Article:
In addition to the large companies, there are thousands of
smaller manufacturers across China. While not all have the deep
pockets to hire expat engineers, some might find the cost of
importing technology may not be as high as it used to be.
For one, there is no shortage of supply. Millions of Japan's
"baby boom" generation which makes up nearly a 10th of the
country's population are starting to retire, with many engineers
It is not just financial considerations, but a desire to
keep working beyond the rigid retirement age in Japan that
prompts many to take up the offer of a move to China.
"I'm working longer hours but actually making less now than
I was making back in Japan," said Aida, puffing on a cigarette
in a simple conference room at his Chinese company's office.
Tomio Oka, an engineer who specialises in making moulds for
components used on items such as mobile phones that require
precision to one one-thousandth of a millimetre, quit his job at
a unit of what is now Panasonic Corp in 1998, to work
for a Taiwanese company in Dongguan.
"Everyone in my family opposed this. I was working at a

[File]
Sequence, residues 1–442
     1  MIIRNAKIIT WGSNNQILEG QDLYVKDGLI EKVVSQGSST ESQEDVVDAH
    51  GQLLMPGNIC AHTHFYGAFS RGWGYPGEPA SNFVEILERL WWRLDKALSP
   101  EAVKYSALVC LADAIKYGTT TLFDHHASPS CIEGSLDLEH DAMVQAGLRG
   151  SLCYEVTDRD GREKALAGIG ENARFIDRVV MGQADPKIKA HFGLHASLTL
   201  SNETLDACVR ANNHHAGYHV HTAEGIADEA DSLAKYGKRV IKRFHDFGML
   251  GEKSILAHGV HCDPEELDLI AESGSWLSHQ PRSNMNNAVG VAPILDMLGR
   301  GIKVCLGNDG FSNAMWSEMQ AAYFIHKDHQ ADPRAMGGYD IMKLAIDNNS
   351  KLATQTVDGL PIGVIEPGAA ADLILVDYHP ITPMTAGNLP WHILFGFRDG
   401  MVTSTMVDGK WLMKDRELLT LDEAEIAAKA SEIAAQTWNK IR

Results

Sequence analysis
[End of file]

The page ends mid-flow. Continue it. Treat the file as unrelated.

reputable company, making a stable income. My wife even
threatened to divorce me at one stage," Oka said, grimacing as
he recalled what happened.
"But I wanted to open the doors to my future myself. I
didn't want to lead a life on some rail track set by others."
GOLF, BEER, HOSTESSES
Taking up a second career in Guangdong province, China's
export hub, is not without its challenges.
The comforts and convenience found in most Japanese cities
are hard to come by in the industrial district on the outskirts
of Dongguan where Oka and Aida live, 100 km (60 miles) north of
Buses are the only public transport. Most taxis operate
without licences, making foreigners easy prey for overcharging.
Pick-pocketing and burglary are common.
"I grew up in post-war Japan when things were just as
chaotic. So the surrounding environment was never an issue for
me," Aida said.
Many Japanese expats in Dongguan have left their families
back home. They live in what would be seen in Japan as rundown
apartments and spend their spare time playing golf or drinking